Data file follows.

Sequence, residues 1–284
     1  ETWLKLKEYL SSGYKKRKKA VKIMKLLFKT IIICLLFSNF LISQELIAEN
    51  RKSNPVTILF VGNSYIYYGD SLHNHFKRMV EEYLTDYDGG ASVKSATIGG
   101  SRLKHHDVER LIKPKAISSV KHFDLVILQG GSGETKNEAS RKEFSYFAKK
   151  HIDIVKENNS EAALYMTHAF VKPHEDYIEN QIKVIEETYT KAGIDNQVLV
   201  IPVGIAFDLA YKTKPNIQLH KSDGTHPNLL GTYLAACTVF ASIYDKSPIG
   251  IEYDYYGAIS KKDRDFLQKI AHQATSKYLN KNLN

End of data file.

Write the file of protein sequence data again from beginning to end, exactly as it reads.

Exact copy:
Sequence, residues 1–284
     1  ETWLKLKEYL SSGYKKRKKA VKIMKLLFKT IIICLLFSNF LISQELIAEN
    51  RKSNPVTILF VGNSYIYYGD SLHNHFKRMV EEYLTDYDGG ASVKSATIGG
   101  SRLKHHDVER LIKPKAISSV KHFDLVILQG GSGETKNEAS RKEFSYFAKK
   151  HIDIVKENNS EAALYMTHAF VKPHEDYIEN QIKVIEETYT KAGIDNQVLV
   201  IPVGIAFDLA YKTKPNIQLH KSDGTHPNLL GTYLAACTVF ASIYDKSPIG
   251  IEYDYYGAIS KKDRDFLQKI AHQATSKYLN KNLN